Samsung Galaxy Note 8.0 Reviewby Anand Lal Shimpi on April 17, 2013 11:29 PM EST
Given one of my obsessions over the past 5 years, focusing on NAND performance in modern smartphones and tablets is an obvious fit. For these tests we turn to Androbench, using a modified version of the default performance settings. By upping the read/write buffer to 100MB we get more repeatable results, which is always nice to have. Just as in our PC SSD reviews, we focus on large block sequential read/write performance as well as small file random access. For Windows 8 tablets, we use Crystal Disk Mark as a rough comparison point. Note that we are looking at peak performance here and not sustained write speeds. I don't even want to know how slow these things will get if exposed to prolonged random writes. I've toyed with worst case performance on modern iOS and Android mobile devices and it's not pretty. For now, just try not to fill these things up.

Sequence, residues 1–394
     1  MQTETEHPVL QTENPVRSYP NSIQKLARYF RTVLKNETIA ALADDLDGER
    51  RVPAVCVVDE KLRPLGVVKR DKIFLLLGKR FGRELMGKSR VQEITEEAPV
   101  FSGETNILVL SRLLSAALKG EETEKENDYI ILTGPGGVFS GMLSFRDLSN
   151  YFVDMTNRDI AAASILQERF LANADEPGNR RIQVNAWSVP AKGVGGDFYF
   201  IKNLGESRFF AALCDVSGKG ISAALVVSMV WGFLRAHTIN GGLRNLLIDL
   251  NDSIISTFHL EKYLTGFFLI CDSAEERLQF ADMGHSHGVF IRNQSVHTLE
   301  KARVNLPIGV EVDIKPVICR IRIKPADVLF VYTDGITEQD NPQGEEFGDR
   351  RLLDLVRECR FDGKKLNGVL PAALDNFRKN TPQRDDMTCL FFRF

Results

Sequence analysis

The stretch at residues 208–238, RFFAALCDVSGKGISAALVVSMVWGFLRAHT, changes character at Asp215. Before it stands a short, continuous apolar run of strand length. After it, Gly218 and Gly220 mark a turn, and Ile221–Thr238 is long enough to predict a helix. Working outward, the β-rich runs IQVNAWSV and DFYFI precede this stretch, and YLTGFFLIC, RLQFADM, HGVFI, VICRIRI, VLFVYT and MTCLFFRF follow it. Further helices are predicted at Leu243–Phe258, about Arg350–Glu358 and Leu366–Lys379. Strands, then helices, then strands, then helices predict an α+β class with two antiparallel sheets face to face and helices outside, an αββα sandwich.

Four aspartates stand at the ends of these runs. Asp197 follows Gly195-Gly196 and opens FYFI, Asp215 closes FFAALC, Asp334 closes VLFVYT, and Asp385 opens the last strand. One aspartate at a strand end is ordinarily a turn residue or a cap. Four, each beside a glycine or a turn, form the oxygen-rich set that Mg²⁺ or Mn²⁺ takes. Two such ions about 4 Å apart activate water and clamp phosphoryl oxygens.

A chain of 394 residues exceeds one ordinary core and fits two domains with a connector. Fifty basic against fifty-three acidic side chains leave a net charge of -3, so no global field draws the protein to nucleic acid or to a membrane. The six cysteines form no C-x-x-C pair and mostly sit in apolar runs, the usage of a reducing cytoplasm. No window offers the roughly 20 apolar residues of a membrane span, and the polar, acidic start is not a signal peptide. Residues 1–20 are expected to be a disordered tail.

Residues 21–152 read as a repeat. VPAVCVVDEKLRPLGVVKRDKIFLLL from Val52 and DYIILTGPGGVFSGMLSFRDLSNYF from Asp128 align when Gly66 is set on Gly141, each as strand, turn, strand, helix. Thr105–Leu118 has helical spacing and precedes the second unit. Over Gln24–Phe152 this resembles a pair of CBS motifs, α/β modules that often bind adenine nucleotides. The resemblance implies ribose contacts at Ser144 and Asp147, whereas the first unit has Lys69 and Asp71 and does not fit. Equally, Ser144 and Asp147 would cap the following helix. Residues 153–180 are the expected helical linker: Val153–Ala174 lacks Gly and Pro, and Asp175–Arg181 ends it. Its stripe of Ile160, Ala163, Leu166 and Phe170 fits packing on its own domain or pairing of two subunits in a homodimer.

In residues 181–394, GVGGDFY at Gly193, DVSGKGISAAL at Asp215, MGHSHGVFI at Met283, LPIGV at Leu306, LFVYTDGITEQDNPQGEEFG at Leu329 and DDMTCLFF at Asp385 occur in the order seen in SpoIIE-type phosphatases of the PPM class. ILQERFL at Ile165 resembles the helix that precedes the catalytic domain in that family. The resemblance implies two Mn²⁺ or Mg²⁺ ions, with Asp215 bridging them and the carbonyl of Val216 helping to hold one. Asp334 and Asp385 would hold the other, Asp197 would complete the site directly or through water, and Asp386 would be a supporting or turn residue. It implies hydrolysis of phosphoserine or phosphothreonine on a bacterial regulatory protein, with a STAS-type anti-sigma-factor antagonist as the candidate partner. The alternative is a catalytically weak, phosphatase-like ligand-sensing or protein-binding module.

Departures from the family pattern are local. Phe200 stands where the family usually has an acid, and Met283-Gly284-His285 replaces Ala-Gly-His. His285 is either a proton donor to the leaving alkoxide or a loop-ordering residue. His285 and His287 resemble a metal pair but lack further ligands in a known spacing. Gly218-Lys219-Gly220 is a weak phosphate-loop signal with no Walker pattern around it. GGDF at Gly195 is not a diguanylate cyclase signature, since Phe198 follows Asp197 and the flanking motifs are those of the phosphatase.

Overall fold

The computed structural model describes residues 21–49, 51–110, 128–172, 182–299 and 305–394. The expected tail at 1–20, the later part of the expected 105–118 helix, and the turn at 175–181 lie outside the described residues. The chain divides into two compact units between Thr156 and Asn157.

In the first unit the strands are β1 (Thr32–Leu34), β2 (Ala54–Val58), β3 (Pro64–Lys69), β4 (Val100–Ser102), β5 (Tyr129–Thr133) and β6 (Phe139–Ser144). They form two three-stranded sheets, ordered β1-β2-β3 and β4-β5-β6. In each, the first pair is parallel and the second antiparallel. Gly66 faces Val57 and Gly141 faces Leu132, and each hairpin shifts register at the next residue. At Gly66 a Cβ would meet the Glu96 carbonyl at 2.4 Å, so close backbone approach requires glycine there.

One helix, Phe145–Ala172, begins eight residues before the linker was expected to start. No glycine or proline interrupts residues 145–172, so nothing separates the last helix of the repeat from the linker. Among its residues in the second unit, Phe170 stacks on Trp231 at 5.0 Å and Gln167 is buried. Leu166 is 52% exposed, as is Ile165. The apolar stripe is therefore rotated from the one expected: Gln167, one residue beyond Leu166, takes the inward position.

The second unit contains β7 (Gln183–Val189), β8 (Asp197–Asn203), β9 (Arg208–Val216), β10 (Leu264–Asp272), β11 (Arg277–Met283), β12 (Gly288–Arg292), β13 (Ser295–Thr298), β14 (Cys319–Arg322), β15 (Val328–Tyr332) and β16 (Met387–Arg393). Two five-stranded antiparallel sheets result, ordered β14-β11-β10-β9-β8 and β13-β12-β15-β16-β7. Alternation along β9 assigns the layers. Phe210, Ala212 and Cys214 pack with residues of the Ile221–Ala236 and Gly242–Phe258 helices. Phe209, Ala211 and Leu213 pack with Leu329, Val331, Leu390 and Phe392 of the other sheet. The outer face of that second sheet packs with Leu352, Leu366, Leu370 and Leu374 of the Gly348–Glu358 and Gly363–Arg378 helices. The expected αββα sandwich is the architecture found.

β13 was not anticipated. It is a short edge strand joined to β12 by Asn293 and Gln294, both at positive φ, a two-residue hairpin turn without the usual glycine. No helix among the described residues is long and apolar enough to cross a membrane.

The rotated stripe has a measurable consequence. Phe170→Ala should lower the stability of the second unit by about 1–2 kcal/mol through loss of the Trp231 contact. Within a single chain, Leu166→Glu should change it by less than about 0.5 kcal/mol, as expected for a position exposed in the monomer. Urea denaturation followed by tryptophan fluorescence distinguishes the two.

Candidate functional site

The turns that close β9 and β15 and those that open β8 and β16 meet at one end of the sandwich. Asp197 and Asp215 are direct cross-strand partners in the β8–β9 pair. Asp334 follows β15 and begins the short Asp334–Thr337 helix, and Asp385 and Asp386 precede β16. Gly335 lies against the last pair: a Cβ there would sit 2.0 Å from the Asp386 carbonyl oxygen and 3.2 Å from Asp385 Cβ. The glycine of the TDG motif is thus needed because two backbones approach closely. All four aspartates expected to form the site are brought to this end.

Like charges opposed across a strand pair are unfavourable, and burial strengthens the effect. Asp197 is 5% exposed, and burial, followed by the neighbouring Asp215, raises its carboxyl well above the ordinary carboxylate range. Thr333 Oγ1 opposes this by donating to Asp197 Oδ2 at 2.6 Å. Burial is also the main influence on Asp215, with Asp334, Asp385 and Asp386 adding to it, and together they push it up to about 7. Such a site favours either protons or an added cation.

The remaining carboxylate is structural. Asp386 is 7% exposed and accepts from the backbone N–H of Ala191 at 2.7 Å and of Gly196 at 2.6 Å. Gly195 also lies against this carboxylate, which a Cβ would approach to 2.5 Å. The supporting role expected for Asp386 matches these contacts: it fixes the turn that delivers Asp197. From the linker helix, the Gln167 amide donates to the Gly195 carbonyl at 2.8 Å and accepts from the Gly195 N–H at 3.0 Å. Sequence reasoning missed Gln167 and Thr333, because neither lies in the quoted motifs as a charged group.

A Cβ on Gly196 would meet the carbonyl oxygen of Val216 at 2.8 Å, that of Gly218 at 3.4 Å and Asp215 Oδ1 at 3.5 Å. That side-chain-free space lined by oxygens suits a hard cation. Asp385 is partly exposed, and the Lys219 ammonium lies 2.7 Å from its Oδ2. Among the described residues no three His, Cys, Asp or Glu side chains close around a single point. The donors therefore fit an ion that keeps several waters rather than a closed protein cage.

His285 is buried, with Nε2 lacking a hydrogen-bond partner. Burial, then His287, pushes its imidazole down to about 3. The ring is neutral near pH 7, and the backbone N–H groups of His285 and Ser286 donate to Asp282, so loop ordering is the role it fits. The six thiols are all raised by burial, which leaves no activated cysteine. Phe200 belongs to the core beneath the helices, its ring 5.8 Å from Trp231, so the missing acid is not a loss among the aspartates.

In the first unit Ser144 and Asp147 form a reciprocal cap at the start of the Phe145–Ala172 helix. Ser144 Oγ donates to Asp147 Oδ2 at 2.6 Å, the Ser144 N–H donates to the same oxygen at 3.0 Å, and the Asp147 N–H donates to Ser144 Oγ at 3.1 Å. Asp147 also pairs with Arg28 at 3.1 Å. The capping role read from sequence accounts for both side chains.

The Galaxy Note 8.0's peak sequential performance is ok, the Nexus 10 does far better. Random IO performance however is great (for an ARM based tablet). The latter is very important for IO heavy multitasking workloads, which could be why we're seeing a mild focus on it here. Random write performance is still lower than I'd like to see (realistically we need to be about an order of magnitude better than where we are for real IO intensive multitasking), but the Note 8.0 at least ends up near the top of these charts.
If you look at the Note 10.1's performance you'll notice a big difference in random IO performance. It's entirely possible that Samsung is using a better controller/firmware combination in the Note 8.0, or it could be that my review sample happened to source a better eMMC solution. NAND based storage is typically treated like a commodity by most OEMs, so I wouldn't be too surprised to see wide variation in performance depending on how well you do in the eMMC lottery.